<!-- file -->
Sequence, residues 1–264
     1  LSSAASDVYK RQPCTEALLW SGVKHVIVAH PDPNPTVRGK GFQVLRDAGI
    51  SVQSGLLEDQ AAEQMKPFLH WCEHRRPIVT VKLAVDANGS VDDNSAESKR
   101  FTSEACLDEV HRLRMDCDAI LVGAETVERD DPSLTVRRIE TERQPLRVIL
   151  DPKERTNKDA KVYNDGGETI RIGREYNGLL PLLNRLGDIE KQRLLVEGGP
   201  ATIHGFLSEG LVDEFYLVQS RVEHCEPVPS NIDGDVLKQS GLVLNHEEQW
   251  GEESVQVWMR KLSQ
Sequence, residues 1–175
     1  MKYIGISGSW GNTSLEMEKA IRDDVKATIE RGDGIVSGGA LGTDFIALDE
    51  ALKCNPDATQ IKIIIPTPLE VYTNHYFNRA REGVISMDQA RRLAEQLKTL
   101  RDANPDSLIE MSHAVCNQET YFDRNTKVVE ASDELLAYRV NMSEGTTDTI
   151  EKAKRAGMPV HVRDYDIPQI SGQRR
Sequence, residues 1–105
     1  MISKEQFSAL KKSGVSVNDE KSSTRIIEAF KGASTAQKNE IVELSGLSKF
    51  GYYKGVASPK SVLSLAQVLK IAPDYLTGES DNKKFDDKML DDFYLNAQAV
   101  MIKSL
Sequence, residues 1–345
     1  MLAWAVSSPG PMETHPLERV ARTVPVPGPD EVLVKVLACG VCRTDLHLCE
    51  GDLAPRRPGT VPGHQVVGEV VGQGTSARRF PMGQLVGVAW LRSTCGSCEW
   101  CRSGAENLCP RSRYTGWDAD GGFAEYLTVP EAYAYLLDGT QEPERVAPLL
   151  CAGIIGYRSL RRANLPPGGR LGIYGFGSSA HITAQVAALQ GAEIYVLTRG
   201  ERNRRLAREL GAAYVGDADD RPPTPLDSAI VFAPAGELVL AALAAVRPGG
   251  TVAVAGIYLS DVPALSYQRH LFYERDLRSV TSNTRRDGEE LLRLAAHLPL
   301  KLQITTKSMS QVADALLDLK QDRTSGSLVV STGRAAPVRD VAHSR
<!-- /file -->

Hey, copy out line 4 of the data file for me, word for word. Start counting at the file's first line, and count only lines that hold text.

   101  FTSEACLDEV HRLRMDCDAI LVGAETVERD DPSLTVRRIE TERQPLRVIL